42 Born c. 536, he died in 582. He probably intended to continue his history till 565. It was continued by his admirer, Menander, who was trained as a lawyer, but spent his early life as a man about town. The fragments of Menander, whose work terminated at 582, suggest that he was a better historian than Agathias. It is to be noticed that Agathias made some use of Persian chronicles, from which his friend Sergius, the official interpreter, made translations for him.

43 It was arranged in seven books according to subject. See his Prooemium (Anth. Gr. IV.3).

44 Anthologia Palatina (so called because the sole MS. is preserved in the Palatine library of Heidelberg). Agathias also wrote a volume of epyllia, love stories from Greek mythology, which he called Daphniaca.

45 The Egyptians, it was said (see next note), are mad about poetry. And so in the fifth and sixth centuries we have a long procession of Egyptian poets: Palladas, Claudian, Synesius, Cyrus, and Nonnus; then Christodorus of Coptus, Colluthus, Tryphiodorus, Julian (writer of many epigrams in the Anth. Gr.); and finally we have the horrible scribblings with which Dioscorus of Aphrodito plagued the life of a duke of the Thebaid (Pap. Cairo, I.67055, 67097, etc.; II.67177‑67188).

46 The date of Nonnus is disputed. We know that he was posterior to Gregory of Nazianzus whom he echoes in Dionys. I.310, and wrote before the reign of Anastasius, during which Christodorus and Colluthus, who were influenced by him, lived (Suidas, sub nn.). Ludwich dates the Dionysiaca about 390‑405 on the ground of a passage in Eunapius, Vit. Proaeresii, p92, who says that the Egyptians ἐπὶ ποιητικῇ σφόδρα μαίνονται. But why should this necessarily allude to the poem of Nonnus? When Eunapius was writing before 405, there were at least two distinguished contemporary Egyptian poets, Palladas and Claudian, as well as Synesius. In two places (XVI.321, XX.372) Nonnus has αἴθε πατήρ με δίδαξε, identical with the first words of a short poem of his fellow-townsman Cyrus, who rose to be Praetorian Prefect (see above, Vol. I p228). Ludwich holds that Cyrus took them from Nonnus; Friedländer, and those who place Nonnus in the second half of the fifth century, hold that Nonnus was the borrower.— Christodorus was a prolific poet. He wrote an epic on the Isaurian war of Anastasius and much else, but the only extant work is the Ecphrasis of the statues in the baths of Zeuxippus, Anth. Gr. Book II. The Capture (p432) of Ilion by Tryphiodorus and the Rape of Helen by Colluthus are preserved. They exhibit Nonnian influence, but do not strictly observe his rules. John of Gaza, who wrote a description of a picture representing the cosmos in the winter-bath of Gaza (opened about A.D. 536), is a servile imitator of the master.— On the technique of this school of poetry see Ludwich, Beiträge zur Kritik des Nonnus, 1873; Friedländer, in Hermes, XLVII.43 sqq.; Tiedke, ib. XLIX.214 sqq. and XII.445 sqq.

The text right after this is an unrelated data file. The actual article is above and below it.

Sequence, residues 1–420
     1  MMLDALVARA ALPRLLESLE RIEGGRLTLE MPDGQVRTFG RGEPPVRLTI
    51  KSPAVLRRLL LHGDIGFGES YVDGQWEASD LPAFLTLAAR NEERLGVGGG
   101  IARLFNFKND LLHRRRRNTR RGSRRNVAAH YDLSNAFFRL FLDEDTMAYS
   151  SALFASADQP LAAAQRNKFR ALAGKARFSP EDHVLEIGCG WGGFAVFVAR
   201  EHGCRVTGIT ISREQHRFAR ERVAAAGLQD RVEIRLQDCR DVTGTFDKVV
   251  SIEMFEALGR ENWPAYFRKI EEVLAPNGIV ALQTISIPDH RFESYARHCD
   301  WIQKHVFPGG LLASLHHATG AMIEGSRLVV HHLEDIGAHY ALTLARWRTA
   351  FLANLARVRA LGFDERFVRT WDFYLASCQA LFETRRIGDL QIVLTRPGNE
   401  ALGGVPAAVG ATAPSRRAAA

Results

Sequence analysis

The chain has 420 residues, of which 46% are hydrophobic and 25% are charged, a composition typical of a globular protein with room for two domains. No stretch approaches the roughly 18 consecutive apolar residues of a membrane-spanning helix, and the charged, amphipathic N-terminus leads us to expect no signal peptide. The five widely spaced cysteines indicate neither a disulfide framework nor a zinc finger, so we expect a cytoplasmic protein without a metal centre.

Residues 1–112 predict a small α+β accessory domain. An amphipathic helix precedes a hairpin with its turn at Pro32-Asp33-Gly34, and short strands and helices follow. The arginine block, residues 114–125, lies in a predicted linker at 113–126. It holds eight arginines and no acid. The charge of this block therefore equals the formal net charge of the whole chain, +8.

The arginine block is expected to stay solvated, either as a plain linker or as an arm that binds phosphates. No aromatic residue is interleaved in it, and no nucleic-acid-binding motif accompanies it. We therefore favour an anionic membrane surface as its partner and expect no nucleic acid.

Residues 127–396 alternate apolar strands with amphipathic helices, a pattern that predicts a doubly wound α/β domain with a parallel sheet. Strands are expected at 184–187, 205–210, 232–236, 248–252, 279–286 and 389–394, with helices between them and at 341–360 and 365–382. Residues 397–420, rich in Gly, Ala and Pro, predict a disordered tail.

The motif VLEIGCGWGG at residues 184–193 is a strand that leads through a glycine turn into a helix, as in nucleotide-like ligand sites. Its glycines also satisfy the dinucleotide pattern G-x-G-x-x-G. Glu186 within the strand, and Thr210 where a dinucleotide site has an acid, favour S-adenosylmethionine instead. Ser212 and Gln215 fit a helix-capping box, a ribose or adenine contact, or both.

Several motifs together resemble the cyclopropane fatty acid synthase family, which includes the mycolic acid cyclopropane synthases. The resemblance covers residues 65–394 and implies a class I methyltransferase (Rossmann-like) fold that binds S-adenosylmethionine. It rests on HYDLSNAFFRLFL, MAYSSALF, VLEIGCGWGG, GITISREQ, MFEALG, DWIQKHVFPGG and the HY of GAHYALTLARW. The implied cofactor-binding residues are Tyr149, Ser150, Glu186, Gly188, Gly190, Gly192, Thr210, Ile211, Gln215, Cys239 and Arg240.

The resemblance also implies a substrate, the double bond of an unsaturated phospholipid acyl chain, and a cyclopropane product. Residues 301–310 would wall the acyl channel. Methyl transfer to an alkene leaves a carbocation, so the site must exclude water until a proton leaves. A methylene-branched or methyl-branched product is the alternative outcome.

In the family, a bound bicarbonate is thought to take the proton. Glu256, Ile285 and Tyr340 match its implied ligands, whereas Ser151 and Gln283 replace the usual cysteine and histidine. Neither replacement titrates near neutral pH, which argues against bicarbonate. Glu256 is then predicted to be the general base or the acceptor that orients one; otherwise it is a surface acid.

47 This is a rule to which he allows very occasional exceptions.

48 For the controversy on the date of Romanus, whom the admirers of hymnography consider the greatest of the Greek hymn writers, see Krumbacher, G.B.L.2 663 sqq.; Studien zu Romanos, 1898; Umarbeitungen bei Romanos, 1879; Romanos und Kyriakos, 1901; C. de Boor, Die Lebenszeit des Dichters R., in B. Z. IX.633 sqq.; P. van den Ven, Encore Romanos le mélode, ib. XII.153 sqq. The last two studies seem to establish that he lived in the sixth century, not in the eighth.

49 Of every five lines of Homer, probably four would have been rejected by Nonnus.

50 Thus the average number of words in his verses is small. It has been calculated that it is 6 to 7·2 in Homer. The great majority of the uncommon compounds in Nonnus are not of his own coinage. They are to be found here and there in earlier poets, whom he carefully searched.

51 VI.58 sqq.

52 VII.265‑268.

53 IV.259 sqq.

54 Such as νοθός, ἀντίτυπος, ἰσότυπος, μιμηλός, ἀντικέλευθος, ἀλλοπρόσαλλος. One of his favourite words is φειδόμενος in the sense of forbearing, discreet, gentle; and adjectives in -αλέος (like φρικαλέος, σιγαλέος, ὑπναλέος), of which he has a great number, are a feature of his poetry. Another characteristic of his technique is the repetition of words, e.g. (XXXV.42)

ἐπεὶ σέο μᾶλλον ὀιστῶν

μαζοὶ ὀιστεύουσιν ὀιστευτῆρες Ἐρώτων.

55 Of his date we have no direct information, and the place of his birth is unknown. Agathias in the epigram Anth. Gr. V.263 seems to be thinking of his poem. It has been guessed that he may be the Musaeus who was a correspondent of Procopius of Gaza (Epp. 48). In any case he probably lived about that time. The contention of Rohde (Der gr. Roman, 502) that he was imitated by Achilles Tatius has been disproved by the discovery that Achilles cannot have composed his romance long after A.D. 300, as a fragment of it, written in the fourth century, was found in Egypt (Pap. Oxyrh. X.1250).— The text of Musaeus is very corrupt. It is to be hoped that in the last line but one he wrote

καδ δ᾽ Ἡρῶ τέθνηκε σὺν ὀλλυμένῳ παρακοίτῃ

and not καὶ διερὴ, as his latest editor amends.º The double spondee is the one good point in the verse.

56 Malalas is the Syriac for rhetor, and the author is called John Rhetor by Evagrius, who used the work in its first form. The text we possess is an abridgment, and mutilated at the end, but it can be supplemented by many excerpts and fragments, by its use in later chronicles, especially Theophanes and the Pascal Chronicle, and there are also fragments of the Slavonic translation. There are several difficult problems connected with Malalas which cannot be discussed here. See, for a general account, Krumbacher, G.B.L. 325 sqq., and Bury, App. I to Gibbon, vol. IV, where the special studies on the subject are mentioned. Cp. works of Patzig and Gleye cited below, Bibliography, II.2, B.